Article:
But if a doctrine is true, it has to be found, at least in seed, in the teachings of the Apostles. So, for example, when Athana­sius and others were able to show that the ancient Church had not taught that Jesus was of a different nature than the Father, and that His divinity was affirmed both in the Scrip­tures and the teachings of the Fathers of the Church, the Arian doctrine was rejected.

Saint Vincent allowed that the expres­sion of doctrines had to be allowed to de­velop overtime. “At this point someone will probably ask: ‘If this is so, is there to be no progress in Christ’s Church?’ The answer is: Of course, in every possible respect, for there must be progress. . .Yet there are conditions: it must be true progress, not a changing of the Faith. Progress requires a thing to grow within itself, but change im­plies that one thing is transformed into an-other” (XXIII, 54).

He likens the development of doctrine to the growth of the human body. Even though there is a great difference in size, appearance, and maturity between a baby and an adult, they nonetheless are the same person. A doctrine may be more clearly understood, expressed in a different way, developed more fully, its implications more clearly drawn, or a stronger emphasis placed upon it, at different times in history. None­theless, if it is a true Apostolic doctrine, it remains the same.

For example, the earliest credal state­ments referred to Jesus as the Son of God, without qualification. It was understood what was meant. Under the attack of the Arians, it was necessary to use the word homoousios (consubstantial) to define the relationship between God the Father and His Son. This did not represent a change of doctrine or a distortion, but a development in kind, thus a true development.

3) BY ALL. Antiquity is not enough in and of itself to commend the truth of a doctrine. What if a doctrine can be shown to have roots in antiquity, yet we are not sure of its truth? On what basis can it be accepted or rejected? Gnosticism, for example, had its roots in the Apostolic age, and even made spurious claims that its doctrines were se­cretly taught by the Apostles and persons close to them. The teachings of the Gospel of John, the epistles of John, and Colossians are directed against the teachings of the Gnostics.

In these cases, Saint Vincent appeals to consent. By this he means two things. First, did a general council of the Church rule on this issue? If so, the matter is to be consid­ered settled. For example, at the Council of Nicea, the teaching of Athanasius that Jesus Christ is of one essence with the Father was affirmed against the Arians. Thus, we are bound to continue to confess the Faith em­bodied in the Nicene Creed. In the Orthodox Church we acknowledge the authority of Seven Ecumenical Councils. Their doctri­nal decrees deal primarily with issues sur­rounding the doctrine of the Trinity and the Incarnation of Christ. These matters are thus settled for all believing Christians. Those who do not hold to these teachings are considered outside the Faith of the Church.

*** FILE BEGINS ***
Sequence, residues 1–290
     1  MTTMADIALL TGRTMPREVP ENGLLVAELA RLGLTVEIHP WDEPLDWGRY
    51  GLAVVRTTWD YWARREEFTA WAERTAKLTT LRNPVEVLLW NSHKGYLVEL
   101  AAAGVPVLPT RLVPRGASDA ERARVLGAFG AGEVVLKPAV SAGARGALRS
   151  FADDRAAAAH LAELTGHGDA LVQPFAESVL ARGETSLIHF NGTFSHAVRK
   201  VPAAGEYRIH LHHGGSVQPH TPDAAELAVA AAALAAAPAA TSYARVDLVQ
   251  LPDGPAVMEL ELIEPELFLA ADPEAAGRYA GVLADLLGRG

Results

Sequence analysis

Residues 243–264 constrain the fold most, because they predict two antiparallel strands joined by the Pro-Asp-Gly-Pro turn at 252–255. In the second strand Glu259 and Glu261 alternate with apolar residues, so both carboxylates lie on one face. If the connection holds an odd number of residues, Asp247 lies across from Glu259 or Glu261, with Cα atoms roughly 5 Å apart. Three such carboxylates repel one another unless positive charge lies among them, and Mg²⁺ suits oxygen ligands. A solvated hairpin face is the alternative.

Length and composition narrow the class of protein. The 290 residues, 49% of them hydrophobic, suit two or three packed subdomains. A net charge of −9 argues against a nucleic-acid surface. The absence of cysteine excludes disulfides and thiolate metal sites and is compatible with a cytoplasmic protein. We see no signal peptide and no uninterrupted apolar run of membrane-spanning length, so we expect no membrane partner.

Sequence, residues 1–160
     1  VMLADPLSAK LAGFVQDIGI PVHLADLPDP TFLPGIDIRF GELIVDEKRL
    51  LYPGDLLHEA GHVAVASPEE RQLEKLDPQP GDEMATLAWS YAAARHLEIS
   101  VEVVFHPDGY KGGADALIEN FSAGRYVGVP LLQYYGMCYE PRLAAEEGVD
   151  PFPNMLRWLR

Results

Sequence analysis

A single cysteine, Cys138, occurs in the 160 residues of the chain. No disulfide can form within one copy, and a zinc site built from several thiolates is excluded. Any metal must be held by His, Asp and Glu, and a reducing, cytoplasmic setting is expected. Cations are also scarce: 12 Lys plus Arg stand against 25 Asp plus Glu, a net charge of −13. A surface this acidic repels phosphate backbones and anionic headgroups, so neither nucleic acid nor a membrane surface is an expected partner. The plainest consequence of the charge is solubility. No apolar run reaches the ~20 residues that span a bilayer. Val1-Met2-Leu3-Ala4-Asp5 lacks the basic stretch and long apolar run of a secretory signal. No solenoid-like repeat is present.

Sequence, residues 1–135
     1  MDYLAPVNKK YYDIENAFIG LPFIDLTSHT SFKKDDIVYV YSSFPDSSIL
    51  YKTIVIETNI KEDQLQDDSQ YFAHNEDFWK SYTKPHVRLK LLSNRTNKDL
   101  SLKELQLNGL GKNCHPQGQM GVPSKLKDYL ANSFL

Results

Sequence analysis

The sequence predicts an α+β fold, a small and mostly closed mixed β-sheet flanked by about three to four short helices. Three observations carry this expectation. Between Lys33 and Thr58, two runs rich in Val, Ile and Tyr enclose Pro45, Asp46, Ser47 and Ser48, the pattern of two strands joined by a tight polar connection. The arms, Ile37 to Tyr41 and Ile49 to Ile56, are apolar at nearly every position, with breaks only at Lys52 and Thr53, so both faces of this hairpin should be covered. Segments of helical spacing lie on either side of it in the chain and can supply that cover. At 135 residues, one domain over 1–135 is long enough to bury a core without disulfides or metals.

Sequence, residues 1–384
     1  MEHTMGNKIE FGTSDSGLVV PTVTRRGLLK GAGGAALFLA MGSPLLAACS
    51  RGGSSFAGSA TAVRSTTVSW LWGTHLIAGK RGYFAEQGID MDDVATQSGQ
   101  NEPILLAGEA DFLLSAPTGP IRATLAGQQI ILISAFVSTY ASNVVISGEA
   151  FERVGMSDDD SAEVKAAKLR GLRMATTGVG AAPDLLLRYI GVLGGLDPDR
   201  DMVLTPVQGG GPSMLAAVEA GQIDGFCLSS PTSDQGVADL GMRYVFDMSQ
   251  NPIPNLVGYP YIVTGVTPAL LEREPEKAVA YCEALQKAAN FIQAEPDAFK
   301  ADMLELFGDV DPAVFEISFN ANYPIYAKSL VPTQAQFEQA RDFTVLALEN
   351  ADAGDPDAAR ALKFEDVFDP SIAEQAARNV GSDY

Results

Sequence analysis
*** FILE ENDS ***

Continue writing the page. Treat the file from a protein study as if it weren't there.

But not all issues were considered by the Ecumenical Councils. What if the doc­trine with which we are concerned is one of those dealing with the sacraments, the role of Mary and the saints in the life of the Church, or the structure of the Church? In cases like these, Saint Vincent advocates the seeker must “gather, consult, and dig into the opinions of the ancients—that is, those who, though living at various times and in different places, nevertheless remained in the communion and faith of the One, Holy, Catholic, and Apostolic Faith, and who stand out as approved and reliable authorities. Then, he must believe whatever he has found to have been believed, written, and taught—not just by one or two of these authorities, but by all, equally, with one consent, and openly, frequently, and persis­tently. This, he must understand, he himself is obligated to believe without doubt or hesitation” (Commonitories III, 8).

The safest approach to doctrine, ac­cording to Saint Vincent, is to believe those teachings which can be affirmed by the appeal to universality, antiquity, and con­sent. All three are essential, like the legs on a three-legged stool. Without any of them, the structure collapses.


Of course, Saint Vincent’s methodol­ogy won’t answer all questions that may be posed from era to era. But it does give us a practical way that we can bring our interpre­tations of Scripture out of the darkness of our own feeble understanding and into the light of the understanding given by the Holy Spirit to His Church in every age. It will prevent us from majoring in things that are less important, and force us to face the core issues of life in the Kingdom of God and salvation.

Jesus Christ Himself is the Truth. His life and teachings are embodied by the Spirit in “the Church, which is His body, the fullness of Him who fills all in all” (Eph­esians 1:23). To be afraid of the tradition of the Church is to be afraid of the living power of the Spirit who lives in the Church. It is in this spirit that we need to be open to the work of God in us through the tradition of the Church.

Let us pray for the day when we “moderns” are freed from the tyranny of our egotistical self-centeredness and are able to return in humility to the Spirit-filled life and experience of God in the tradition of the Church. And may the tradition ever be living to the glory of God.

Without our tradition

our lives wou1d be

as shaky as

a fiddler on the roof”


Fr. Gregory Rogers

Holy Resurrection Orthodox Church

Gary. Indiana